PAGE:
Progress Welcomed on National Regulation for Organics
Organics Aotearoa New Zealand (OANZ) has welcomed the announcement from Minister of Agriculture and Food Safety Damien O’Connor to move forward with the next legislative steps towards defining a single national organic standard, underpinned by regulation, to place New Zealand’s organic sector on the same footing as many other countries.
“We appreciate the government and MPI officials responding swiftly to the feedback from the extensive consultation process undertaken earlier this year which showed 85 per cent support for changing the way organics are regulated,” said Doug Voss, Chair of OANZ, the national umbrella organisation and advocate for the country’s booming organic sector. “We are delighted that our sector’s voices have been heard and we are moving to the next phase in drafting a Bill to define a national standard that is enforceable of what constitutes authentic, certified organic products from New Zealand.”
Mr Voss said OANZ which brings together organic producers, manufacturers, certification agencies, exporters, wholesalers and retailers will continue working collaboratively and constructively with the government and other interested parties to ensure that the long overdue regulatory framework to bring New Zealand on par with most other countries progresses.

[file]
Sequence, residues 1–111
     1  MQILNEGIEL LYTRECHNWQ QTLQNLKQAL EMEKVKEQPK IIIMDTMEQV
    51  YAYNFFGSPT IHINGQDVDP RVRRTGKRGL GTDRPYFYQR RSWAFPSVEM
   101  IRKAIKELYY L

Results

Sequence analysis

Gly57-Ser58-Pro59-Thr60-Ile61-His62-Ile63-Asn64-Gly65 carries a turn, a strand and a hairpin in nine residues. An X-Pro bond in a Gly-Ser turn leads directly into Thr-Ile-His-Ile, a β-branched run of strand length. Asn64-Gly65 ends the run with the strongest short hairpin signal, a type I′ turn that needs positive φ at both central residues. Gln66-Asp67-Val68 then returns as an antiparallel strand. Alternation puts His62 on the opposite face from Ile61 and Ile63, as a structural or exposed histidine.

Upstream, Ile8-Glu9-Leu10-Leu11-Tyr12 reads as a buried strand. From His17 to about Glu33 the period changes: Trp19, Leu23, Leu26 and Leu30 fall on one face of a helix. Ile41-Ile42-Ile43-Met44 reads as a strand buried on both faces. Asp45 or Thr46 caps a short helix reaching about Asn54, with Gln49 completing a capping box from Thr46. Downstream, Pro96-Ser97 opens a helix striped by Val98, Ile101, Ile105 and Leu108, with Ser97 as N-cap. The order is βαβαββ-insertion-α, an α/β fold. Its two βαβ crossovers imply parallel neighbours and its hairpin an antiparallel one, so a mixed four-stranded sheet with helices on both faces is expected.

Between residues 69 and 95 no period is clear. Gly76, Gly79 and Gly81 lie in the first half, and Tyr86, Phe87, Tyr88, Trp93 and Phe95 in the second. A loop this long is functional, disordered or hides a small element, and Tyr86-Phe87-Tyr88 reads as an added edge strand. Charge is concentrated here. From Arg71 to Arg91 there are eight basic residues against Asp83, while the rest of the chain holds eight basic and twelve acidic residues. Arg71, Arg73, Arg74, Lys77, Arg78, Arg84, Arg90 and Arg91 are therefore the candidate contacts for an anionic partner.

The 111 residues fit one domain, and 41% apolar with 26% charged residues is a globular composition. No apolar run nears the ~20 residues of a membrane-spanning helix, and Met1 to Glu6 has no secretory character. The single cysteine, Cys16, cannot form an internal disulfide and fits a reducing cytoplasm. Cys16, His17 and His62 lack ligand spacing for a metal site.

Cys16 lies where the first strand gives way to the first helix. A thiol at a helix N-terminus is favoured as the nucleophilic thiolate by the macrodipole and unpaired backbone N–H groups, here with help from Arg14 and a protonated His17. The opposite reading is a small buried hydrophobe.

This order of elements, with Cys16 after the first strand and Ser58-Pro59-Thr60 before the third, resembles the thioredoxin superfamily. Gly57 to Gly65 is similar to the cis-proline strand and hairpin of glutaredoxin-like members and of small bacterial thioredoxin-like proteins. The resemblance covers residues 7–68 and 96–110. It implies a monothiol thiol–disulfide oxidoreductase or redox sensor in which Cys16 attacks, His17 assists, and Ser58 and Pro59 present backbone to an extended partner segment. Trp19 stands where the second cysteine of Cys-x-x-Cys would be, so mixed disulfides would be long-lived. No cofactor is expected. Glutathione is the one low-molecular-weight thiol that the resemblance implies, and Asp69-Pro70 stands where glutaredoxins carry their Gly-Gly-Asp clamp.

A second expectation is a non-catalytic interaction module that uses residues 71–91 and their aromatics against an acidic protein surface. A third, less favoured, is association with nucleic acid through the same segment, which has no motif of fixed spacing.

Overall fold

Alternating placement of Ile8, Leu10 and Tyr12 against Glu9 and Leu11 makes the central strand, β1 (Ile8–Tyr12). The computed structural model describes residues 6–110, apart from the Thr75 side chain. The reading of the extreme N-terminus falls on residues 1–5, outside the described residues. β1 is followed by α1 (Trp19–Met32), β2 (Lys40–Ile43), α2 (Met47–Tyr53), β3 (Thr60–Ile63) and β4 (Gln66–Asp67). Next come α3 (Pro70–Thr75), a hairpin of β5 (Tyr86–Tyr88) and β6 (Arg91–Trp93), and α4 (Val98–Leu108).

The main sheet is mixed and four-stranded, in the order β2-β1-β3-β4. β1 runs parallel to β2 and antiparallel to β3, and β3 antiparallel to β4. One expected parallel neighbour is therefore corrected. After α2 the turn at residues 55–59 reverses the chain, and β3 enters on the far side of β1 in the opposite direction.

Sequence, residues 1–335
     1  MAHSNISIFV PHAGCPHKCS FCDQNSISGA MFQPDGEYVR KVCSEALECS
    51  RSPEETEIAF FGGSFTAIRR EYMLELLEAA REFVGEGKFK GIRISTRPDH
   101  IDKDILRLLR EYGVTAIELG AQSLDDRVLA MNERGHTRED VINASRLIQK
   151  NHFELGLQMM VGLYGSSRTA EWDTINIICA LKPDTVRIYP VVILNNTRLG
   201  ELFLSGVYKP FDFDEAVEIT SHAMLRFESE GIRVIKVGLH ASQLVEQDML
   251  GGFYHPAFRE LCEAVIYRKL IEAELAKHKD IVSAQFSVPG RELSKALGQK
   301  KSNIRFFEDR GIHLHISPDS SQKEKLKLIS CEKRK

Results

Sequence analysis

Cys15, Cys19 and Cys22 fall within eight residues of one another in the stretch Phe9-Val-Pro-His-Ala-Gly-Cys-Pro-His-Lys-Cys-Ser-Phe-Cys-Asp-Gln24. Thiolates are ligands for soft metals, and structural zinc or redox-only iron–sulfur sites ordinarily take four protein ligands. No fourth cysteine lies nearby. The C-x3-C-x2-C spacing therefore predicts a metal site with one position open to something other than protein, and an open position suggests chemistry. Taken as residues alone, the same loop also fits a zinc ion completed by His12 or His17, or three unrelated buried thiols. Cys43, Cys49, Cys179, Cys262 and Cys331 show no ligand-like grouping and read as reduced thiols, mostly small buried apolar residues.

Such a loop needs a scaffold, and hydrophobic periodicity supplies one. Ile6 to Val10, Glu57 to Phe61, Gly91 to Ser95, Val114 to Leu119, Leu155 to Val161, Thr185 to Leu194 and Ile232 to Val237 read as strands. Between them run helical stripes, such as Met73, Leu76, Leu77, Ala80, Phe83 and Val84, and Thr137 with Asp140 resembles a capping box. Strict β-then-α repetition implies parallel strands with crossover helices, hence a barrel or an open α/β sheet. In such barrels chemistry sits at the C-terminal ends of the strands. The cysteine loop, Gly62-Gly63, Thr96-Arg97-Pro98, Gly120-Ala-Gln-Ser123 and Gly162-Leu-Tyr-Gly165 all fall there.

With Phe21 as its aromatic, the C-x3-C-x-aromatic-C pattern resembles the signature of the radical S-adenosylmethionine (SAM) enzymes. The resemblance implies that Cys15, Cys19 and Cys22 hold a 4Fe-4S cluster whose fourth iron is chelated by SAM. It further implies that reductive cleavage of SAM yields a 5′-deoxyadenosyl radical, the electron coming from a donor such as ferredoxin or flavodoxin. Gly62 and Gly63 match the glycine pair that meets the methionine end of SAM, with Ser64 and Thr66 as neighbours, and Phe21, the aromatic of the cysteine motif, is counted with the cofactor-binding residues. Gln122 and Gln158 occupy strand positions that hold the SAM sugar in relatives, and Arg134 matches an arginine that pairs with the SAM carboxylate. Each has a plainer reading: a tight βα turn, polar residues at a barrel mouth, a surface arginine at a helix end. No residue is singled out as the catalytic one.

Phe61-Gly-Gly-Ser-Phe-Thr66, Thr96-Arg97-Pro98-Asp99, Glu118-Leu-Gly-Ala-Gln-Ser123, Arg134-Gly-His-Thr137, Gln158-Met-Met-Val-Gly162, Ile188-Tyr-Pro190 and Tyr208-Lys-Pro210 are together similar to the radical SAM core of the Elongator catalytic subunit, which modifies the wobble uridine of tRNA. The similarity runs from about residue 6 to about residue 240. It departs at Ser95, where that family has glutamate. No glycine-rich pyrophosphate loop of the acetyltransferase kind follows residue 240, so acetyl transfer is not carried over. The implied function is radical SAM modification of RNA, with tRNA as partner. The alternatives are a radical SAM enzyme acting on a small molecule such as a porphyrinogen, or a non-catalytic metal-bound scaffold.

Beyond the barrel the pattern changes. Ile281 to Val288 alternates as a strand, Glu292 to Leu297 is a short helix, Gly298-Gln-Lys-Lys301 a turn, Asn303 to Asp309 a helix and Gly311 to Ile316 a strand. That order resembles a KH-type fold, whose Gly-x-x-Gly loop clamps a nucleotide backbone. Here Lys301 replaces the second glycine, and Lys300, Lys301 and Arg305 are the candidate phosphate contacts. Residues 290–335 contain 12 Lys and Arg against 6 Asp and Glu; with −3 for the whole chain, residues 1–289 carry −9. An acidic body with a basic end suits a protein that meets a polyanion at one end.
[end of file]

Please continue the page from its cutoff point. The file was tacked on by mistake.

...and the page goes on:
“Market drivers demand that New Zealand provides customers, consumers and the community domestically and internationally with certainty and credence that certified organic products from here are indeed the real deal. The New Zealand organic sector has grown 30 per cent or 10 per cent a year since 2015 to now be worth $600 million and growing, buoyed along by increasing global – and domestic – demand for natural, ethical products that are good for them and their families, and kind to the planet.”
“A single national standard that is backed by legislation will significantly enhance export opportunities and encourage producers to invest in organic production,” Mr Voss said. “It’s a win-win for everyone.”
Mr O’Connor said the national standard for
organic production will be progressed as a Government bill
next year, “so our agribusinesses can extract more value
from what they do as soon as